melanoma? Vink et described five melanoma Although systemic 5-fluorouracil (5-FU) has been kindreds, each with a single member affected by associated with eruptive DN (see above), topical ocular melanoma, suggesting an association be- application of 5-FU has been investigated as a tween cutaneous and ocular melanoma. On the potential therapeutic for DN. Bondi et altreated other hand, Molven et described a family with six DN in a 37-year-old woman with 5% 5-FU cream inherited melanoma based on CDK4 (R24H) muta- twice daily for 5 weeks; four CN from unrelated tion and a single member who developed ocular individuals were also treated. All six DN responded 19.e8 Duffy and Grossman J AM ACAD DERMATOL with inflammation, ulceration, and subsequent (clin- In patients with numerous or clinically atypical ical) disappearance of the lesion, while the four nevi, there may be a tendency to remove lesions in a control CN remained unchanged.Subsequent ‘‘prophylactic'' manner. Such practice of nevus re- patch tests and intradermal skin testing in the patient moval may be sought by the patient to reduce their who responded had no evidence of contact sensitiv- melanoma risk, or promulgated by the physician out ity to 5-FU.The authors noted that an additional of fear of missing a melanoma. It is clear that complete four DN lesions in this patient responded to 5-FU, removal of a patient's nevi will not prevent mela- while those in additional patients did not. It does not noma, which (as discussed above) is more likely to appear that the response of DN to 5-FU has been arise from isolated epidermal melanocytes in the skin evaluated in any subsequent studies in the literature.
than from preexisting nevi. However, it is unclear to The effect of topical tretinoin under occlusion what extent ‘‘molectomy,'' however impractical this with and without topical steroid was investigated by might be, would reduce long-term melanoma risk in Stam-Posthuma et in a prospective randomized, high-risk patients. A report of one such case in a double blind study. Three clinically atypical nevi in patient with history of multiple melanomas described 30 patients were treated under Actiderm occlusion the removal of 117 clinically atypical lesions over a (Actiderm Cosmaceuticals, New York, NY, replaced 1-year period. The patient developed no subsequent weekly for 4 months) either with placebo, 0.1% melanombut to our knowledge this approach tretinoin, or tretinoin in combination with 1% hy- has not been formally studied.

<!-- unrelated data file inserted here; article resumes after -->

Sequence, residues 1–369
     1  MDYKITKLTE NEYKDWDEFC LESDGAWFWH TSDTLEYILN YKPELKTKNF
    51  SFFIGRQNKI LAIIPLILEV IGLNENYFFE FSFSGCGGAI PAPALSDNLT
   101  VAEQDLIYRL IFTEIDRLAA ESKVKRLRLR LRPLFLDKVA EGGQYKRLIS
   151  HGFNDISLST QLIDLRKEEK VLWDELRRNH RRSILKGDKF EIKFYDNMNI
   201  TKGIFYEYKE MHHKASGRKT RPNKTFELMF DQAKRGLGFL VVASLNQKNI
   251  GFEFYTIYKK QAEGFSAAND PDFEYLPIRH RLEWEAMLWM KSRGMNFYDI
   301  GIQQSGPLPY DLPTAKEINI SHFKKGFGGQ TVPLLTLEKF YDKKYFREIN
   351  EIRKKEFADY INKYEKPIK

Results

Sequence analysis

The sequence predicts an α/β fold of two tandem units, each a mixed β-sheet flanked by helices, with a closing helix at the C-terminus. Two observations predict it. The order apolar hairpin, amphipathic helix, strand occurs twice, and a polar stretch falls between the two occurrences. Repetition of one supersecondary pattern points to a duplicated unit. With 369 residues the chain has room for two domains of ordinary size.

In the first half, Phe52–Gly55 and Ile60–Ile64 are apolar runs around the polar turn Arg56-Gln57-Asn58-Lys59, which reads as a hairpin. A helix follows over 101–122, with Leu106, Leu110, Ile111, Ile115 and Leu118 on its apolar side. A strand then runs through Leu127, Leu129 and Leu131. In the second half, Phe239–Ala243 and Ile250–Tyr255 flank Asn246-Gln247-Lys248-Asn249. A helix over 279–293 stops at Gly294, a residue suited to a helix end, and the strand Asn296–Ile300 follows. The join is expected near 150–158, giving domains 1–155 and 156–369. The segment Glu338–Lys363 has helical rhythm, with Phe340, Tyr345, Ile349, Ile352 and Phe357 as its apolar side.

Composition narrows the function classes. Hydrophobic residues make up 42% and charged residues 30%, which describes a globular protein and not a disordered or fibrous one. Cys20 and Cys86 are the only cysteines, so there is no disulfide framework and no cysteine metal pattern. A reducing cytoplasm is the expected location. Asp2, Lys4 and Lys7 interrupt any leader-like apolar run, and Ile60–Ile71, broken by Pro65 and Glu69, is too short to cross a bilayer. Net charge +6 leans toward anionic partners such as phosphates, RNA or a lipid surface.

drocortisone. Lesions were monitored by photogra-phy throughout the study period and histologically at Reexcision controversy the end of the study, revealing that although about 40% of lesions treated with tretinoin or tretinoin plus d The decision to reexcise relates to physician hydrocortisone were reduced in size, they remained perception of dysplastic nevi and their risk clinically atypical and retained histologic of transformation to melanoma Edwards et altreated eight patients with DNS d Some physicians reexcise dysplastic nevi to with oral isotretinoin, 40 mg twice a day for 4 prevent recurrence and potential pseudome- months. At the completion of therapy, at least three lanoma phenomenon previously identified and photographed clinically with severe dysplasia should be atypical lesions were rephotographed and removed reexcised given the difficulty in distinguish- for histologic evaluation. There were no clinical or ing from melanoma histologic changes observed in the lesions, which d Dysplastic nevi that do not resemble mela- were confirmed to be DN in these patients. Oral noma, including dysplastic nevi with posi- isotretinoin does not appear to have a significant tive histologic margins, do not need to be biologic effect on DN.